Sound: This album is pretty unique in it's styling, has the dark atmosphere of black metal but with some keyboard melodies that often border on cheesiness, which isn't helped by the sounds used for them. Some of the songs are quite heavy with sections that upon first listen sound like pure noise, others that sound like cheesy music from space and parts that even sound like pop music. It's quite varied to say the least.
The band is Hungarian, so despite there being an apparent concept to the story - I don't actually know what that is. Something about a Radio and the Universe. It's quite hard to describe the actual sound of the band without you having heard it - but like all Avant-Garde music it's mostly a love or hate kind of thing.
The instrumentation aside from keyboards and synths can be a bit unclear at times, the bass and guitars are very fuzzy and over distorted whilst the drums can be a bit hard to hear sometimes. However, they contrast the keys very well - although at times the simplicity can be tedious. // 7
Lyrics: There are many different vocal styles used on this album. Each and every one of them is perfect. The calm female singing is so sweet it almost sounds like pop music, the rasps and other noises sound awesome and unique at the same time - despite not being the best I've heard. There's also some clean male singing which is great in it's own way too.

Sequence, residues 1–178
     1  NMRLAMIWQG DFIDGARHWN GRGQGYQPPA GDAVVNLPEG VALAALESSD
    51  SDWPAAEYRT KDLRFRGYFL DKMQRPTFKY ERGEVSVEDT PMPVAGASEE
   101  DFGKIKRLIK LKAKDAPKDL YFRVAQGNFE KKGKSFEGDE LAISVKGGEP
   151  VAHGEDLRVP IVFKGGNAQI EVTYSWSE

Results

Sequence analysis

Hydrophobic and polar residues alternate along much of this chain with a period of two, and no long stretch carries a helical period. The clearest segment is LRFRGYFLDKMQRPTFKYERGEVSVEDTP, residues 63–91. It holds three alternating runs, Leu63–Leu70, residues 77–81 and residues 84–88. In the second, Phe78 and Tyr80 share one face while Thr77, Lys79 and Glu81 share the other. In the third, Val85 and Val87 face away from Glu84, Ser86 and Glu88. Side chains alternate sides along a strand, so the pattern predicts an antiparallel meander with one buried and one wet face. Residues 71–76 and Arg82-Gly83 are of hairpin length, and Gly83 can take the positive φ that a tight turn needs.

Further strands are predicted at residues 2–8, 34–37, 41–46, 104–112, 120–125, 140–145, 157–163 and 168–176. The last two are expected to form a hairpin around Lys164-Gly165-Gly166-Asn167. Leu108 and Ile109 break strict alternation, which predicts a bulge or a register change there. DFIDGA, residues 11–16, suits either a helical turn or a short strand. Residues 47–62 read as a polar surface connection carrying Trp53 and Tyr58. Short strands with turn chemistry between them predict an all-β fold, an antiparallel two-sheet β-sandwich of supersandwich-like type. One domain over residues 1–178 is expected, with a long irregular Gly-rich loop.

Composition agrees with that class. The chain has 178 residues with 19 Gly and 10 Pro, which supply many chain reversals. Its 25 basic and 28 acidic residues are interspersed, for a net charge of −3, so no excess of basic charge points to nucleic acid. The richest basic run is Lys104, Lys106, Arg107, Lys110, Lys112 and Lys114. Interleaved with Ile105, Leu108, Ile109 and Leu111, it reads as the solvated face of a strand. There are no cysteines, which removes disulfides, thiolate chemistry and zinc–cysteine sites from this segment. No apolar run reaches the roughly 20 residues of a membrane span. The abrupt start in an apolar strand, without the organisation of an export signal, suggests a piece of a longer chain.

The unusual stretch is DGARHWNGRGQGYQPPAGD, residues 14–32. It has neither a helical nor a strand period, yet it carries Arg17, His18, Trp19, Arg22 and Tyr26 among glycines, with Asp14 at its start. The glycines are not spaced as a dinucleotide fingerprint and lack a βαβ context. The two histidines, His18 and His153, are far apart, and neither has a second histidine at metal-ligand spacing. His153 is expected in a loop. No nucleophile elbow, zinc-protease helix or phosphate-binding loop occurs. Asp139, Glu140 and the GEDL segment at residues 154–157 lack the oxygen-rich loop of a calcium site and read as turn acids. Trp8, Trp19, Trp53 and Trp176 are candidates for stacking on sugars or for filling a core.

As I previously mentioned, the band is Hungarian, so it's hard for me to comment on the lyrics. However, using google translate to get a rough idea, I can tell you easily: The lyrics are ridiculous. Űrhajk Makn's lyrics are about wizards as yellow as the moon invading from space or something. Seriously, Tams Ktai, what were you thinking?
Granted, so long as you don't understand them the sound of the syllables is fun to listen to, so it works in my ears. // 6
Overall Impression: I can't think of a single album similar, even their previous efforts were quite different. The best songs would be the first Szervetlen and third Kd Utnam. The atmosphere is very consistent throughout the album and Tams Ktai is hopefully on the way to a promising career, but this is definitely no Magnum Opus. The fourth song Űrhajk Makn seems to have thought 'this sound is unprecedented, it must be included on the album!' because of the majority of metalheads ignorance towards pop music and thus not realising that it actually sounds like cheesy pop in the middle of an experimental black metal album.
If it we're lost or stolen I'd probably buy it again eventually, but other Avant Garde albums are higher up on my list than this album. Listen before buying - hell, if nothing else it could act as a link straight from pop music to black metal! // 6